Husky says it preparing for the next step in restoring full connectivity to the South White Rose Extension drill centre.
The company in a news release said it's received regulatory approval to install a replacement flowline connector in the affected flowline. This flowline was plugged in March and has since been displaced with seawater.
In the coming days, Husky said it will install a new flowline connector at the site, reconnecting the two ends of the flowline. This work will be done by the vessel Skandi Vinland. Activities will start this weekend to prepare the work site including pre-deployment of tools and equipment.
The work weather dependent and is expected to take about two weeks to complete, Husky said.
Husky said when the connector is replaced, it is possible that residual oil trapped when plugs were installed in March could be released to surface. While the risk of residual oil releases are low, additional mitigations will be in place to ensure that any releases are managed quickly. There will be a remote operated vehicle monitoring of subsea activities, a second vessel with oil spill response equipment at site and any work in which there is a oil spill risk will be done during the day.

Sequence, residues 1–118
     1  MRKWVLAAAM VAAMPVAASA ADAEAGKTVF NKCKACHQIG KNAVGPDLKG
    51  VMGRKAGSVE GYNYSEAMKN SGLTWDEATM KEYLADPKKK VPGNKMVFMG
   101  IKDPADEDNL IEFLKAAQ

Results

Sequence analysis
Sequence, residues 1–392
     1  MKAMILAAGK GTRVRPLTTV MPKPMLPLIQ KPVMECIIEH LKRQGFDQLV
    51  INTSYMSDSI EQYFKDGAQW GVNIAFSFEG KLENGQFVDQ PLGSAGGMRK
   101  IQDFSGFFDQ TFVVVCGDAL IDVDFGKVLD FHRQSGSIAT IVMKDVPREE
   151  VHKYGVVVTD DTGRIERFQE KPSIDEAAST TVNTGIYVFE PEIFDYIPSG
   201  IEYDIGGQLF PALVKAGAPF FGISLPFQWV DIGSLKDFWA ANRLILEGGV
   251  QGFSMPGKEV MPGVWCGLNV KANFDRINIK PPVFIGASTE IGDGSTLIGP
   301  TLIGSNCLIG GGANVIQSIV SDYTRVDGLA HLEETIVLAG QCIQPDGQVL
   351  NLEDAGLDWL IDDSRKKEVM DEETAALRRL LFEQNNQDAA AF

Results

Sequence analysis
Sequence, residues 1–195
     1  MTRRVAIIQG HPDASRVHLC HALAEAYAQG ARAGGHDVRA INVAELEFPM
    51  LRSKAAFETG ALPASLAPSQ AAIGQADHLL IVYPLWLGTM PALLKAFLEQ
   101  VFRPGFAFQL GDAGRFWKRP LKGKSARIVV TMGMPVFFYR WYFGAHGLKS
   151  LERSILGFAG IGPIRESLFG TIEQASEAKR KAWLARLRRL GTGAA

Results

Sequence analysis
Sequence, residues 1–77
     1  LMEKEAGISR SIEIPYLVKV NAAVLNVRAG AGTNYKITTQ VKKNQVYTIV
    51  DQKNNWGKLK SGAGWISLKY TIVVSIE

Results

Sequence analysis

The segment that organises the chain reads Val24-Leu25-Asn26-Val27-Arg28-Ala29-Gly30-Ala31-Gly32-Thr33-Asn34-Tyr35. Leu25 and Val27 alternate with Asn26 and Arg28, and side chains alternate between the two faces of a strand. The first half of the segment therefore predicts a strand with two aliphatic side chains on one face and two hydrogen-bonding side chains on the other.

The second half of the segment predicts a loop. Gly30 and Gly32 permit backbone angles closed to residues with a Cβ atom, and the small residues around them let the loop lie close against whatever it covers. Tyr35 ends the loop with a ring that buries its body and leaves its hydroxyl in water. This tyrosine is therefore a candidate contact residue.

The replacement flowline connector has a higher load capacity than the one which failed in November, Husky said. Once installed, Husky will report back to the Canada-Newfoundland and Labrador Offshore Petroleum Board (C-NLOPB) and certifying authority before agreeing on a testing regime to verify system integrity.
Earlier this week, Husky submitted an interim investigation report to the C-NLOPB. The report identifies a number of contributing factors, some of which were shared when the preliminary report was filed in December 2018.
The investigation is still going on, however.
Most corrective actions will be complete before resuming production from the remaining drill centres, while others, such as training, will have both short- and long-term implementation dates, Husky said.
Husky is also conducting technical studies into what caused the flowline to separate. Indications point to hydrate development, Husky said.
It's also finalizing evaluations of other potential causes, such as flowline tension and bending movements. Hydrates are crystalline structures that are formed when natural gas and water combine at low temperature and high pressure, Husky said. Growth of these structures can form ice-like solids.
Husky said understanding the limits of the equipment will allow the company to adapt our operating procedures and monitoring plans.
"For example, we know that hydrate development is possible under certain conditions. Flow assurance work being carried out by a third-party contractor will help us better mitigate against this in future. As well, our operating procedures have been rewritten to use more conservative operating limits during start-up conditions," the news release said.
Husky said it will resume production when it has satisfied the regulator and certifying authorities and that conditions are in place to ensure integrity and safe operation of the flowline.